Articles

Article 13 of Indian Constitution | With Important Case Laws | Indian Polity


Hello everybody, My name is Priya. In today’s video, we are going to talk about
Article 13. When we were making our constitution, we already
had a lot of nations as example, which adopted democratic and humanitarian concept. So our founding fathers endeavoured to formulate
something which reflects multiple things like rights of minority, principle of UDHR, our
struggle for independence and what not. Therefore, while making the constitution,
part III was discussed for 38 days. SO these are our rights & freedoms & this
is our state. Part III exists with the same objective that
our rights & freedoms should be protected against state’s arbitrary invasion. So this means that state’s actions should
be judged on the basis of their impact on the right & freedoms of the people. This entire concept is your Article 13. Basically Article 13 deals with 4 principles
relating to Fundamental Rights. First thing that you should have a clarity
about is that, since when the fundament right have existed. Fundamental Rights have existed since the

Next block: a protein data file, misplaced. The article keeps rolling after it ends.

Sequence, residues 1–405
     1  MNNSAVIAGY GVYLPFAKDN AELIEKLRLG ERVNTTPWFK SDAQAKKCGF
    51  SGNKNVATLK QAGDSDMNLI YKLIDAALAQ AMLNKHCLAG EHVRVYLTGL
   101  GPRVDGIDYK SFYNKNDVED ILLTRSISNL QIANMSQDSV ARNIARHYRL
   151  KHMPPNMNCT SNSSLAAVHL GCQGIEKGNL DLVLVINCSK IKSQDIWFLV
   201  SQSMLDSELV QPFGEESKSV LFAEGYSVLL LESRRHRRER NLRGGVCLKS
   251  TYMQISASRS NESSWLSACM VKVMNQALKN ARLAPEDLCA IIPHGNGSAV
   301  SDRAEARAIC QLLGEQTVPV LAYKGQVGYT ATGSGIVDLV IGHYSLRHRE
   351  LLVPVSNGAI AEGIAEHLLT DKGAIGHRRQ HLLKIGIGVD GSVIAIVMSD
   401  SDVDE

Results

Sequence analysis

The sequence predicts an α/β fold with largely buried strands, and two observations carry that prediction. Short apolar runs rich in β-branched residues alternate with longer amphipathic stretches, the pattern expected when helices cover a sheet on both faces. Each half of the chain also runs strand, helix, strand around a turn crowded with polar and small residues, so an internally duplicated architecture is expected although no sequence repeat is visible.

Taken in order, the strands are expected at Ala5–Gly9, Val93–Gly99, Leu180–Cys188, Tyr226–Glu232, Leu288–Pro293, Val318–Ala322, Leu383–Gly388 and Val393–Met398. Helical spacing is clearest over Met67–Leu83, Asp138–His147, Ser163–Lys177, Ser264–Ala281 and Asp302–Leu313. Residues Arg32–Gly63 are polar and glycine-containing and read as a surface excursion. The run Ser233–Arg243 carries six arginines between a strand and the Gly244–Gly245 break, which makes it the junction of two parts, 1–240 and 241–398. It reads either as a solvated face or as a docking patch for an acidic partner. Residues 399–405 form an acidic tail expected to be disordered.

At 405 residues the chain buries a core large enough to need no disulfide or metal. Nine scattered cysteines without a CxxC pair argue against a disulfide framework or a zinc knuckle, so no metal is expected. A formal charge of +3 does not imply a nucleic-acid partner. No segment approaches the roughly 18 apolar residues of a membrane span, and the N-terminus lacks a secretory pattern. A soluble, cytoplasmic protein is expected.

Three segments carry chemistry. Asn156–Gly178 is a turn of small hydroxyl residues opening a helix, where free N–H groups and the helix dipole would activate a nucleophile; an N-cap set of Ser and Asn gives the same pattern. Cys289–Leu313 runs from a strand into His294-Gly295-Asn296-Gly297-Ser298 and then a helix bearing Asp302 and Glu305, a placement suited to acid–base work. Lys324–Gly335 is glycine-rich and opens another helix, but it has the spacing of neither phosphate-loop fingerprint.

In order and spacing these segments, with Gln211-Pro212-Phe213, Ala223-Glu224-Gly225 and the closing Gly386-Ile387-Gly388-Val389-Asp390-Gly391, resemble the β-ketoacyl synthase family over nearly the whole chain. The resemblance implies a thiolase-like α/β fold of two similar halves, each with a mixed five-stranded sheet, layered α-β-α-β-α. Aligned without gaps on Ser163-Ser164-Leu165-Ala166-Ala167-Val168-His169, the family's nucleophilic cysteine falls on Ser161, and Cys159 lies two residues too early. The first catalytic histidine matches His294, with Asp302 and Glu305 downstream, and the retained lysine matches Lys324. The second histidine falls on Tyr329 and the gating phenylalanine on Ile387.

time our present constitution has existed i.e. 26th January, 1950. Fundamental rights became operative from and
on this date only. Article 13 (1) deals with Pre constitutional
laws. There were many different laws that were present
before constitution came into being, and remained in effect even after that. Article 13 provides that those laws (existing
prior to constitution) which are consistent with fundamental rights will remain valid. Now lets understand this with an example. There was an education Act of 1930 which had
many clauses which dealt with subjects like appointment of chairman, what will be the
amount of fund that will be allocated, what will be the age group of the children. Among other things, there was this one clause
which said kids from a certain caste shall not be admitted in the school. Now since 1950, this clause stands in contravention
of the fundamental rights. While applying clause 1 in the same example,
we can say that since this clause is against the fundamental rights, it would become void. For more clarity on this concept, lets have
a look on the two doctrines, which are related to Article 13 i.e. Doctrine of Severability & Doctrine of Eclipse. The first doctrine is doctrine of Severability
or separability, which means to separate. In simple language, you have to use a filter
for all pre constitutional laws, i.e. if it respects fundamental rights or not. All the laws which pass successfully through